Mesenteric venous thrombosis: Still a lethal disease in the 1990s

Robert Y. Rhee, Peter Gloviczki, Celio T. Mendonca, Tanya M. Petterson, Rod D. Serry, Michael G. Sarr, C. Michael Johnson, Thomas C. Bower, John W. Hallett, Kenneth J. Cherry

Research output: Contribution to journalArticlepeer-review

263 Scopus citations


Purpose: This study was designed to evaluate progress in diagnosis, management, and clinical outcome of mesenteric venous thrombosis (MVT). Methods: We retrospectively reviewed the clinical course of 72 patients treated for mesenteric venous thrombosis between 1972 and 1993. Results: Fifty-three patients had acute and 19 had chronic mesenteric venous thrombosis. Fifty-seven patients had secondary mesenteric venous thrombosis; previous abdominal surgical procedure and hypercoagulable states were the most prevalent associated conditions. Computed tomography was abnormal in all patients who underwent this test for acute mesenteric venous thrombosis and in 93% of those who had chronic disease. Angiography diagnosed acute mesenteric venous thrombosis in five (72%) of seven patients. Acute mesenteric venous thrombosis presented most frequently as abdominal pain (83%), anorexia (53%), and diarrhea (43%). Thirty-three (75%) had symptoms longer than 48 hours. Thirty-four (64%) patients with acute mesenteric venous thrombosis underwent a surgical procedure. Bowel resection was necessary in 31 patients. One patient had unsuccessful mesenteric venous thrombectomy. Seven patients with acute mesenteric venous thrombosis underwent anticoagulation without a surgical procedure, and 12 were observed. All patients with chronic mesenteric venous thrombosis were observed; nine of the 19 underwent anticoagulation. The median delay in diagnosis for patients with acute mesenteric venous thrombosis was 48 hours and did not decrease during the last decade. Mesenteric venous thrombosis recurred in 19 (36%) patients. The 30-day mortality was 27%. Long-term survival of patients with acute mesenteric venous thrombosis was significantly worse than that of those with chronic disease (36% vs 83% survival at 3 years). The patients with acute mesenteric venous thrombosis who underwent anticoagulation with and without surgical procedure had improved survival when compared with the observed group. Conclusion: Acute mesenteric venous thrombosis remains a lethal disease. Mortality has not improved in the last 22 years. Computed tomography is the most sensitive diagnostic test. Anticoagulation and surgical procedure enhanced survival in the acute subgroup. The underlying disease determined survival in chronic disease. (J VASC SURG 1994;20:688-97.)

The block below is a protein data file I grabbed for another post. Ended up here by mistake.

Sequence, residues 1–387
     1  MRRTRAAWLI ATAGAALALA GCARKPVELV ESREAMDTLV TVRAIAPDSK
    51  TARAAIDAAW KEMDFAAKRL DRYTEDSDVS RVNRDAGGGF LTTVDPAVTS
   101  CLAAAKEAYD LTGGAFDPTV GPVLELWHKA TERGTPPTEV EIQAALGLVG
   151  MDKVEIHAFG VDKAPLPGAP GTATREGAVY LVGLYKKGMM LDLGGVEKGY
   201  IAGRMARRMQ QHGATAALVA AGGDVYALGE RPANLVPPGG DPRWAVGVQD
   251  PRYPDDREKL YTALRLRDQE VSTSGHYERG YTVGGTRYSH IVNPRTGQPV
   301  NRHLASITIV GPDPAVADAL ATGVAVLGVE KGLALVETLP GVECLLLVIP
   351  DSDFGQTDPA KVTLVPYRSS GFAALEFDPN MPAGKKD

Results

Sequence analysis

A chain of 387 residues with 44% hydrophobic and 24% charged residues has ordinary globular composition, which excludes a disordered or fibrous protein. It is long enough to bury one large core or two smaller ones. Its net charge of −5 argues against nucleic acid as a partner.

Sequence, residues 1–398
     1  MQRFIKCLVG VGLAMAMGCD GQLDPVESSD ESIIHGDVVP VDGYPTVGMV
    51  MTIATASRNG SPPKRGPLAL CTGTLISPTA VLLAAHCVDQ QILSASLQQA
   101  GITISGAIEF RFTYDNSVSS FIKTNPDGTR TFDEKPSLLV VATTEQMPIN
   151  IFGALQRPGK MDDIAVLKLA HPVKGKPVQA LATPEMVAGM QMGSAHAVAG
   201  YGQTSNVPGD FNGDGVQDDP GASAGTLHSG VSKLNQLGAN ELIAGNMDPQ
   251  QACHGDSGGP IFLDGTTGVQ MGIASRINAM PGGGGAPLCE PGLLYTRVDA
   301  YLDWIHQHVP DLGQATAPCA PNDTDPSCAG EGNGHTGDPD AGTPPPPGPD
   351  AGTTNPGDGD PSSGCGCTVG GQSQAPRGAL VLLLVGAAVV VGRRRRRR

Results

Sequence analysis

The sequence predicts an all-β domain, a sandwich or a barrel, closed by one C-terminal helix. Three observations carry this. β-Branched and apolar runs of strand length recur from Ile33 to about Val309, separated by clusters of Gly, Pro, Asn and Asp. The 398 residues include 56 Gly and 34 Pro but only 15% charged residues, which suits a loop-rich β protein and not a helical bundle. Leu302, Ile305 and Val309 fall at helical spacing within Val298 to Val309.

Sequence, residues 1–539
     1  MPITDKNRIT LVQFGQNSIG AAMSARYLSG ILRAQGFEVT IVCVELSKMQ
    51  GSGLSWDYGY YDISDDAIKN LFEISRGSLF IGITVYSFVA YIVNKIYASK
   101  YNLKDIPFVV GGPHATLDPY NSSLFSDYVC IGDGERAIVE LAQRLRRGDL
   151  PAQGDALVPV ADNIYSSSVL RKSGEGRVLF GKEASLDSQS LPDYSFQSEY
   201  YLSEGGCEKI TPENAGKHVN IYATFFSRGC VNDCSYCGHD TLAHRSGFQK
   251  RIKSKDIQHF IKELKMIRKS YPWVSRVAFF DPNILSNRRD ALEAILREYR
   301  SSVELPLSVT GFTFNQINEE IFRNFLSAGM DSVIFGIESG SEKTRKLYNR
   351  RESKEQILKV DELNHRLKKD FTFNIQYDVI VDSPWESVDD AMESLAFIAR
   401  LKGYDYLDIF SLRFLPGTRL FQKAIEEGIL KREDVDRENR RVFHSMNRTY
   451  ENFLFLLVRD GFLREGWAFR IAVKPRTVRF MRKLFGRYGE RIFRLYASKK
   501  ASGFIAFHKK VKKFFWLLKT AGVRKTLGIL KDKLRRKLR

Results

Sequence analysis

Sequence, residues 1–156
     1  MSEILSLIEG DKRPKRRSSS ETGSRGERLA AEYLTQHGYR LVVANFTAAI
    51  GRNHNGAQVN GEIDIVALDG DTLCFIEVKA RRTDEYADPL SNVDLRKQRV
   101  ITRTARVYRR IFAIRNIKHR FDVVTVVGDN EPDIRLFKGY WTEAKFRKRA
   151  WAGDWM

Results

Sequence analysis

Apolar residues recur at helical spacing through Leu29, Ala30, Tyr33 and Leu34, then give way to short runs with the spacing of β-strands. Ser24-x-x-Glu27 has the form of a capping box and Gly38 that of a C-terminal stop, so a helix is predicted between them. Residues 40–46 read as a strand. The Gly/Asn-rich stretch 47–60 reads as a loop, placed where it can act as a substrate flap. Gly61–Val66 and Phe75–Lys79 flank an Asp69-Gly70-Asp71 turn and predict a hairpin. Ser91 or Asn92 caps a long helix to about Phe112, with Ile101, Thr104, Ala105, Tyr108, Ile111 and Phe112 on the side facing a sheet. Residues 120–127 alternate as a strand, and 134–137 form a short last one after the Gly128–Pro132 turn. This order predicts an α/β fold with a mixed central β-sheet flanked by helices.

Original languageEnglish (US)
Pages (from-to)688-697
Number of pages10
JournalJournal of vascular surgery
Issue number5
StatePublished - 1994

ASJC Scopus subject areas

  • Surgery
  • Cardiology and Cardiovascular Medicine


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